‘Clifford the Big Red Dog’ Review: “Content First, Entertainment Dead Last”
There is no reason why a Clifford the Big Red Dog movie shouldn’t be cozy and charming. Whether you look at Norman Bridwell’s books or the PBS television series, Clifford is a harbinger of warm fuzzies. As such, all you need for a satisfying Clifford movie is the ability to sustain this charm for an entire feature. Why, then, do the filmmakers of 2021’s Clifford the Big Red Dog go out of their way to create such a cold and calculated product? This is not just an adaptation that overcomplicates the source material. It is the platonic ideal of what a mediocre live-action children’s movie looks like in the modern era.
It’s such an unfiltered example of the formula that the plot has nothing but familiar elements. Despite the title, our actual focus is on a young girl named Emily (Darby Camp) who just can’t fit in at school. Thankfully, her loneliness fades away as soon as she discovers a little red puppy. Smitten by his appearance, she soon takes him in and names him Clifford. However, things take a turn when Clifford grows tenfold and catches the interest of a genetics company led by Tieran (Tony Hale). So it’s up to Emily, her uncle Casey (Jack Whitehall), her classmate Owen (Izaac Wang), and eventually the rest of New York City to thwart Tieran’s plans of experimenting on him.
A more charitable person would view this as the movie’s attempt to bow down to classics like E.T. The Extra-Terrestrial. Besides, you got the outcast kid, the outcast creature, the people who want to take the creature for themselves, and those who side with the protagonist. I, meanwhile, believe this is the first place the filmmakers shoot themselves in the foot. By inheriting so many plot beats from E.T., it also inherits that film’s need for tension. But since this is Clifford the Big Red Dog we’re talking about, it has to generate tension from the ground up. Unfortunately, writers Jay Scherick & David Ronn and Blaise Hemingway do not have the capacity to create anything of the sort.
In fact, Scherick & Ronn’s presence prompts me to bring up an interesting fact, though not an especially flattering one. See, prior to writing Clifford the Big Red Dog, they worked on the screenplays for the two live-action Smurfs movies. First of all, the phrase “they did the live-action Smurfs” should be a major red flag on its own. But more crucially, those movies share a common trait with Clifford in that New York City is the primary setting. That means between projects, Scherick & Ronn were so out of ideas they didn’t even bother to change locations. And it’s not like this film plays around with the urban setting, either.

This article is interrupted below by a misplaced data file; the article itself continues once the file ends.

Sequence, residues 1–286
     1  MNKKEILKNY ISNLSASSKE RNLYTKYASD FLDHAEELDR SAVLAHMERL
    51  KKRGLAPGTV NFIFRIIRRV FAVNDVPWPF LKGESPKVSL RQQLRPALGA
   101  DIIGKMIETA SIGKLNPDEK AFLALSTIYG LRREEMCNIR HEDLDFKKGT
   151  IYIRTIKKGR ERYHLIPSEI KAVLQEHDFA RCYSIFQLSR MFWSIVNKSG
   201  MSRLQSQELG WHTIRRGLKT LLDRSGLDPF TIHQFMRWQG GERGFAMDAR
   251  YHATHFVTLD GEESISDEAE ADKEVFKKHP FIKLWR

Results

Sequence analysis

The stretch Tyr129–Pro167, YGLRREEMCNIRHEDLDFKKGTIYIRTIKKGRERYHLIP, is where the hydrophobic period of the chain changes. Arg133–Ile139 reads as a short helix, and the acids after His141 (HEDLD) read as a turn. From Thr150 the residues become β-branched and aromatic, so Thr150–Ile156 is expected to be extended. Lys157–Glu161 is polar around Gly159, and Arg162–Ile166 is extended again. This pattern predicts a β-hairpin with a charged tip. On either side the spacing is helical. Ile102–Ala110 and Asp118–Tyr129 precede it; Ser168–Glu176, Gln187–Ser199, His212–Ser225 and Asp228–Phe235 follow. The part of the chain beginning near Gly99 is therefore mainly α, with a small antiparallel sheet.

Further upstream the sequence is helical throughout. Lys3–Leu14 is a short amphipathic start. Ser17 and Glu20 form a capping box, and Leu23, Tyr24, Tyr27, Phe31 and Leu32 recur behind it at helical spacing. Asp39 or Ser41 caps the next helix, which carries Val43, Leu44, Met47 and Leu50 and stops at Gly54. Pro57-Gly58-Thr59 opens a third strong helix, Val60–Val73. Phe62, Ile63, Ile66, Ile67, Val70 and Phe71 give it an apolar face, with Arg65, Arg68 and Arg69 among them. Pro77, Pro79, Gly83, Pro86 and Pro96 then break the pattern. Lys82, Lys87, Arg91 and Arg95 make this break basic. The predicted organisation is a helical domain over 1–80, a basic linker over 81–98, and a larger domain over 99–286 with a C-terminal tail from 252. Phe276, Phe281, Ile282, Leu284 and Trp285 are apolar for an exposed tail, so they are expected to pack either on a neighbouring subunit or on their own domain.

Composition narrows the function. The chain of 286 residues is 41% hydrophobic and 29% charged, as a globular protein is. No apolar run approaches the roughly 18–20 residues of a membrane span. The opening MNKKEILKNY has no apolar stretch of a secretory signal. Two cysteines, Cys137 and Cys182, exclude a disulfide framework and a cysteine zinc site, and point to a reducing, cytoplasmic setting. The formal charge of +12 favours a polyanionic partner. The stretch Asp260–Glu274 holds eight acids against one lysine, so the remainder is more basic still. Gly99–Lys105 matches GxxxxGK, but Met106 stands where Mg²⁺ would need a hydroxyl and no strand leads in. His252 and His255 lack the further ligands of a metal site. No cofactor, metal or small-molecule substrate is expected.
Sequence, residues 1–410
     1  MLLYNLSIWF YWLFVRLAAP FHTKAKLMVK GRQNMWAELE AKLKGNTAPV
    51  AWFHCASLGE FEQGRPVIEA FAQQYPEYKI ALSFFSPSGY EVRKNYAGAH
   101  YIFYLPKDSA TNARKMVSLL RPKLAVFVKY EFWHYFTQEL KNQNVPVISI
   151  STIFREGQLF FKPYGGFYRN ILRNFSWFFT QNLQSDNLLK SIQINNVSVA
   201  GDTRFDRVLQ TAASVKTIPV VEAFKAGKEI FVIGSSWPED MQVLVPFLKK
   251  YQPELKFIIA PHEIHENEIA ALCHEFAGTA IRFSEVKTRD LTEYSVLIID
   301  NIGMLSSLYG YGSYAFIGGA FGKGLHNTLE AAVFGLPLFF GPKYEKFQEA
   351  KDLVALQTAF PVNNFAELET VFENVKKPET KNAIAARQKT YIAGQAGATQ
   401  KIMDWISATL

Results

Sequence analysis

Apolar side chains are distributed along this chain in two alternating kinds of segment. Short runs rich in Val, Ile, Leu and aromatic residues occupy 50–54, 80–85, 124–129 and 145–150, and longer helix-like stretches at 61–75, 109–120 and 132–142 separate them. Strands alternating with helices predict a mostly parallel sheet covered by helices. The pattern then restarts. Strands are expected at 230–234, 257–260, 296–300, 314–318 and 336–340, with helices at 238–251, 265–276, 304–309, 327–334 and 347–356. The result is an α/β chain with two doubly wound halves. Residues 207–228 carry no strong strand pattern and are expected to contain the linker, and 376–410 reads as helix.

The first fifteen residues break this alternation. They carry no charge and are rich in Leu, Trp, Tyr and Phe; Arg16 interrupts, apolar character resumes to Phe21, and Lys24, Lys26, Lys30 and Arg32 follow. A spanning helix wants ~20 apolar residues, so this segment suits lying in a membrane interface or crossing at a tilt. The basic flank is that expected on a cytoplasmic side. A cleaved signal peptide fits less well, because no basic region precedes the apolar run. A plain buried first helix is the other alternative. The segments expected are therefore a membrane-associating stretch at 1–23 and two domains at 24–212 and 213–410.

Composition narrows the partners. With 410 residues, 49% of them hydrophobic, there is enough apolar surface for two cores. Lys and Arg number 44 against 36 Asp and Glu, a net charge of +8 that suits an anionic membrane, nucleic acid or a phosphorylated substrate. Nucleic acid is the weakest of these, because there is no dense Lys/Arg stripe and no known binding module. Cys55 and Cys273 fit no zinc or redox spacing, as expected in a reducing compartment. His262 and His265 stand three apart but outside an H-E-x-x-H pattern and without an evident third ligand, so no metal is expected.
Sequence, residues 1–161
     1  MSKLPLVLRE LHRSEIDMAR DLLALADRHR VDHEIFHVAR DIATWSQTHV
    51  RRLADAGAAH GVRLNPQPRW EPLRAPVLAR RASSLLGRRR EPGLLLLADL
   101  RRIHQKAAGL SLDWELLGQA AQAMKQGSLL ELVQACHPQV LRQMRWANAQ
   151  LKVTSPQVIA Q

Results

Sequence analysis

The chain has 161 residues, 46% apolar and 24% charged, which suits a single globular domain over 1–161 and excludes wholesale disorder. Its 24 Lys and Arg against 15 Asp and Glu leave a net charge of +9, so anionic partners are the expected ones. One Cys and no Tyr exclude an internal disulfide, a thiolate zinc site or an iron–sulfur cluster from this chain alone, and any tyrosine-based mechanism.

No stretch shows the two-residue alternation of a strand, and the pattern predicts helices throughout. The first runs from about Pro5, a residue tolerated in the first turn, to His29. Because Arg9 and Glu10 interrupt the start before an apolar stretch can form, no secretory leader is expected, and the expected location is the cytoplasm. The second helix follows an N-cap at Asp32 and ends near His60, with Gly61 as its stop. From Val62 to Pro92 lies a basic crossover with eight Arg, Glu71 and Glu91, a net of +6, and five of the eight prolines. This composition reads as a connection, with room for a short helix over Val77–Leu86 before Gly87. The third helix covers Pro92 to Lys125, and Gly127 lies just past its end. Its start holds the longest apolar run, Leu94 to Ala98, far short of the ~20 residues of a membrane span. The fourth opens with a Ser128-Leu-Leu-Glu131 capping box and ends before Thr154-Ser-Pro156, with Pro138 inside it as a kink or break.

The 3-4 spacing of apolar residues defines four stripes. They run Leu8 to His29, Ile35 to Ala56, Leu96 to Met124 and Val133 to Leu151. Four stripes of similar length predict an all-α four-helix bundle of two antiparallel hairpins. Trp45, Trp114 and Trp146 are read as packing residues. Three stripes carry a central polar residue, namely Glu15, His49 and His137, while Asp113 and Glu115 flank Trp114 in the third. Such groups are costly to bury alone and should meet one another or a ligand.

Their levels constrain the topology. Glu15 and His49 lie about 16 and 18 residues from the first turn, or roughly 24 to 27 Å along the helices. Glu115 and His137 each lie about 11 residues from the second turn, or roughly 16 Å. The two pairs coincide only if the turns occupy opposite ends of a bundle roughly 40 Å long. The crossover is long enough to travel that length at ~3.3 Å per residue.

For a good portion of its 97-minute runtime, the writers care more about populating the narrative with lame gags. As we are in the realm of low-brow family comedies, you bet it spends time on crude humor. Some of these examples are relatively benign, such as Clifford “comedically” peeing on a tree. Others are far more labored, such as the running gag of dogs sniffing butts. In each of these cases, the film stops in its tracks to deliver these jokes. Even with a decent pool of comedians – Kenan Thompson as a veterinarian is a notable highlight – it cannot offset the laziness of the jokes.
All this would perhaps be easier to stomach if Clifford himself came out unscathed. Alas, Clifford has the misfortune of being the latest CG creation to come out of the Uncanny Valley. Despite being big and red, his fur takes on a photoreal appearance. However, he is also attentive enough to not quite act like a real dog. To some extent, this creates an alienating effect that fits in line with those who see Clifford as a threat. But since the script wants to convince the audience of his adorability, this decision feels out of place. And to make things worse, Clifford’s puppy form doesn’t even have the blessing of correct proportions.
Just about the only time where Clifford’s overly animate nature works to its favor is when the film wants to portray fear. Late in the film, Clifford tries to curl up in a ball and cover his eyes. In response, Emily makes the remark that “he’s trying to make himself smaller”. Heavy-handed as that line might be, it’s the single instance where director Walt Becker widens the emotional gamut of the source material. By centering on the Big Red Dog, we get to see how alike Clifford and Emily truly are. Combine that with Camp’s tearful line reading and you get a character beat that comes close to resonating.
I suppose the upside of being so rigid to family film conventions is that you guarantee a steady momentum. As much as one can bemoan Clifford the Big Red Dog for its uncreative nature, at least it has the benefit of not being broken. So for those who want functional content and nothing more, you will be happy. But for those who want actual entertainment, this is not it. You are better off binge-watching the PBS television series (or dangling keys in front of a baby, take your pick). – Mark Tan
Clifford the Big Red Dog is available in theaters and on Paramount+.
The film stars Darby Camp, Jack Whitehall, Izaac Wang, John Cleese, Sienna Guillory, and Tony Hale.